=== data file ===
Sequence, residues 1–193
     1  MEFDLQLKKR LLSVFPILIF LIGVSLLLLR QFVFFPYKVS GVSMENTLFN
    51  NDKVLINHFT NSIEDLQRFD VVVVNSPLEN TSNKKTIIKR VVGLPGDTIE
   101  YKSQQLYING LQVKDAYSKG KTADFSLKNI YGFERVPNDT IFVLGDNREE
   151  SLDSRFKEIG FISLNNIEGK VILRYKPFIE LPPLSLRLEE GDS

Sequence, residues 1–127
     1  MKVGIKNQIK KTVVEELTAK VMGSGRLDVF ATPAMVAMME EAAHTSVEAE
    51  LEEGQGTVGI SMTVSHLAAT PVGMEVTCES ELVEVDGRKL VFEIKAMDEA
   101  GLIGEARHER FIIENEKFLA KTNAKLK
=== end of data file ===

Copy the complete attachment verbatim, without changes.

Sequence, residues 1–193
     1  MEFDLQLKKR LLSVFPILIF LIGVSLLLLR QFVFFPYKVS GVSMENTLFN
    51  NDKVLINHFT NSIEDLQRFD VVVVNSPLEN TSNKKTIIKR VVGLPGDTIE
   101  YKSQQLYING LQVKDAYSKG KTADFSLKNI YGFERVPNDT IFVLGDNREE
   151  SLDSRFKEIG FISLNNIEGK VILRYKPFIE LPPLSLRLEE GDS

Sequence, residues 1–127
     1  MKVGIKNQIK KTVVEELTAK VMGSGRLDVF ATPAMVAMME EAAHTSVEAE
    51  LEEGQGTVGI SMTVSHLAAT PVGMEVTCES ELVEVDGRKL VFEIKAMDEA
   101  GLIGEARHER FIIENEKFLA KTNAKLK